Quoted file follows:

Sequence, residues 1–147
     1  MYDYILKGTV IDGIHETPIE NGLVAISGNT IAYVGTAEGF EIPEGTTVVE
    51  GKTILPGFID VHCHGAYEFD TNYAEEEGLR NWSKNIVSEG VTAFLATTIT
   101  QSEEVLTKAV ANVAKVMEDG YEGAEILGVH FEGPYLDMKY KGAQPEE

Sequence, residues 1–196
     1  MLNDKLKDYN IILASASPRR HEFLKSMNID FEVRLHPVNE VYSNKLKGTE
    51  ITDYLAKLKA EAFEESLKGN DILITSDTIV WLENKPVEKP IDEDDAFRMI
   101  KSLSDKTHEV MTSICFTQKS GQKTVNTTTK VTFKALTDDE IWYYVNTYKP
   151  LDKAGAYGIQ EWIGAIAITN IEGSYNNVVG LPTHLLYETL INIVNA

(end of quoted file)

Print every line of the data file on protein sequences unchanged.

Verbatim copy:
Sequence, residues 1–147
     1  MYDYILKGTV IDGIHETPIE NGLVAISGNT IAYVGTAEGF EIPEGTTVVE
    51  GKTILPGFID VHCHGAYEFD TNYAEEEGLR NWSKNIVSEG VTAFLATTIT
   101  QSEEVLTKAV ANVAKVMEDG YEGAEILGVH FEGPYLDMKY KGAQPEE

Sequence, residues 1–196
     1  MLNDKLKDYN IILASASPRR HEFLKSMNID FEVRLHPVNE VYSNKLKGTE
    51  ITDYLAKLKA EAFEESLKGN DILITSDTIV WLENKPVEKP IDEDDAFRMI
   101  KSLSDKTHEV MTSICFTQKS GQKTVNTTTK VTFKALTDDE IWYYVNTYKP
   151  LDKAGAYGIQ EWIGAIAITN IEGSYNNVVG LPTHLLYETL INIVNA